Quirks Question: Why did my jello freeze like this?
This week's question involves some weird looking Jello and a backyard experiment. When Marvin Doran from Southampton, Ontario, set his lime Jell-O outside to cool, he returned to find it had a fern-like pattern on it.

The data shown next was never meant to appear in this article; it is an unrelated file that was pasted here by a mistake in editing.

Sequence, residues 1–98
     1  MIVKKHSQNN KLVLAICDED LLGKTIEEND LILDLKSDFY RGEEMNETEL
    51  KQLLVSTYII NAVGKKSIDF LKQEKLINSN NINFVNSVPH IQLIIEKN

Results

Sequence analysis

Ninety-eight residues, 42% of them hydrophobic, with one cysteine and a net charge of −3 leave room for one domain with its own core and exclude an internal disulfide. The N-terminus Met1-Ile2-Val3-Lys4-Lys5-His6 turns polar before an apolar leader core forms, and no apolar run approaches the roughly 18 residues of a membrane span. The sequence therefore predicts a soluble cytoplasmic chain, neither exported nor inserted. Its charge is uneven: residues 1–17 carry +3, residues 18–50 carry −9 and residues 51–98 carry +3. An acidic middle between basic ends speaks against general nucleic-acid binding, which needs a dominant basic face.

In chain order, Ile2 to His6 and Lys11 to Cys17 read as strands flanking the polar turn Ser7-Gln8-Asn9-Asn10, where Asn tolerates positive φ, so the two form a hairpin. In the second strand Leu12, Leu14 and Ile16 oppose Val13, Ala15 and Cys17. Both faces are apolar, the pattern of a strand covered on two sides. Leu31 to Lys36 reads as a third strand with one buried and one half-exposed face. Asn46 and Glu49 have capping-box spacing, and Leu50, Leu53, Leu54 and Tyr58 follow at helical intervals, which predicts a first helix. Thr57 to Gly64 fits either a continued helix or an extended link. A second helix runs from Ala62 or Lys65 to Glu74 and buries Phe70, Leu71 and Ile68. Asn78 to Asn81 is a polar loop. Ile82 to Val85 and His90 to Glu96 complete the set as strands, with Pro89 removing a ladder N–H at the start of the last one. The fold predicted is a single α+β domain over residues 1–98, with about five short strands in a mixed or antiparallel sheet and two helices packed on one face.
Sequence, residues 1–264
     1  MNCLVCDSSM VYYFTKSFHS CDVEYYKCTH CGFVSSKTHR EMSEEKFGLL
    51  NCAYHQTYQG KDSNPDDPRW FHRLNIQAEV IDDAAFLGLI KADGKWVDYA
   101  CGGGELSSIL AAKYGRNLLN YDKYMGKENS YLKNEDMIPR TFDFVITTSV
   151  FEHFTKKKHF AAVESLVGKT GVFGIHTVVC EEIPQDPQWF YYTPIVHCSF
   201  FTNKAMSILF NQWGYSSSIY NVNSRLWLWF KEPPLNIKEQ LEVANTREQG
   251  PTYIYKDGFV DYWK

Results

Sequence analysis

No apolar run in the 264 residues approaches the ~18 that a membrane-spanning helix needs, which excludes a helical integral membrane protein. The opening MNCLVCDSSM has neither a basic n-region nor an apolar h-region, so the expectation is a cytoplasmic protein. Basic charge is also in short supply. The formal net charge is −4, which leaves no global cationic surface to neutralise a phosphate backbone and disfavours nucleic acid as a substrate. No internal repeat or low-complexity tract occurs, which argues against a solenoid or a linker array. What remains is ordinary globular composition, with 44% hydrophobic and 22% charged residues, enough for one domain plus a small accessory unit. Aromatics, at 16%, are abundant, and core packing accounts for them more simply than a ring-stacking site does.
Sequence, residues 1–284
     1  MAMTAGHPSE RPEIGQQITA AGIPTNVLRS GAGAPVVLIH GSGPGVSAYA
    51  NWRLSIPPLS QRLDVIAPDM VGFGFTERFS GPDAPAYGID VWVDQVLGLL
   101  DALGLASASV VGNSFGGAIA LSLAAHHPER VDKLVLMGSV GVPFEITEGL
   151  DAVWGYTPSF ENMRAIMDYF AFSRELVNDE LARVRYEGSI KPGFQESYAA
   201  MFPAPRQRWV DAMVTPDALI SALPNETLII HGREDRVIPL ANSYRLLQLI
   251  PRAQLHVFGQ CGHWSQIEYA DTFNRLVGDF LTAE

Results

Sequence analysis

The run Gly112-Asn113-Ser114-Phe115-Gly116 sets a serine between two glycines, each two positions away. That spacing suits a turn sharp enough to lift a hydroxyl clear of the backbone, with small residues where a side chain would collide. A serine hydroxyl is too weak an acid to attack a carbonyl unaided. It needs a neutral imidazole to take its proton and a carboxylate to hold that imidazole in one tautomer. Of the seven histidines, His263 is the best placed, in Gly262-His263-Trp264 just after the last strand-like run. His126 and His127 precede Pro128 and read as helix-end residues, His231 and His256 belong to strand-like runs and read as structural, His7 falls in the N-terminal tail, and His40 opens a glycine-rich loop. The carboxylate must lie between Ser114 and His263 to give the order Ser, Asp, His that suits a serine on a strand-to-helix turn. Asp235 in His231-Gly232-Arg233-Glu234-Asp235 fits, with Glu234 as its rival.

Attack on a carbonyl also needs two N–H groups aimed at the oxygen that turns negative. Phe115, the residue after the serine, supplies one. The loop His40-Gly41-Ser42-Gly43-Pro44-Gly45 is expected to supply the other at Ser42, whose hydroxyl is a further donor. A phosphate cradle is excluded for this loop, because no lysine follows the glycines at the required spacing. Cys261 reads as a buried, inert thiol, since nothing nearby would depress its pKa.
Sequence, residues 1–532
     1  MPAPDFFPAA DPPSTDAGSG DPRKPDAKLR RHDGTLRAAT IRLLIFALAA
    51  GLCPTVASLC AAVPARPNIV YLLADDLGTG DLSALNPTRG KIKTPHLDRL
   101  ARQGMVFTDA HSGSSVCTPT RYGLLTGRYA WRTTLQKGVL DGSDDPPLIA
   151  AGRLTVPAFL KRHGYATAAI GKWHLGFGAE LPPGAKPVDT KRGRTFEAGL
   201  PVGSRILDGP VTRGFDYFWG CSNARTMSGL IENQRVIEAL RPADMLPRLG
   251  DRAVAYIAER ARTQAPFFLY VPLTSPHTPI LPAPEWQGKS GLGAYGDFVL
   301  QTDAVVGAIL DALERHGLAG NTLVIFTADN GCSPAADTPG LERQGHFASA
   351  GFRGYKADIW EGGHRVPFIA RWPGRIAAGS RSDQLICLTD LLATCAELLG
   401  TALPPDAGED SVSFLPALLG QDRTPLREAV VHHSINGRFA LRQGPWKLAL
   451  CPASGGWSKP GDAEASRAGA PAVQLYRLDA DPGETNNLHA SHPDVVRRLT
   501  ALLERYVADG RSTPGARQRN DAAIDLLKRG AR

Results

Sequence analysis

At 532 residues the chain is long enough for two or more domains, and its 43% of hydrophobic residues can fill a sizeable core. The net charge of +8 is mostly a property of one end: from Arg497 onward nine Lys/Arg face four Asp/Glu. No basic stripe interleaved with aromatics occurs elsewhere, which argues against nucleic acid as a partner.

Dr. Michael Rogers explains. He's an associate professor in the Department of Food Science, and Canada Research Chair in Food Nanotechnology at the University of Guelph. He says it's got to do with the slow freezing of the Jell-O, and crystallization. Sugar has a role to play, too.
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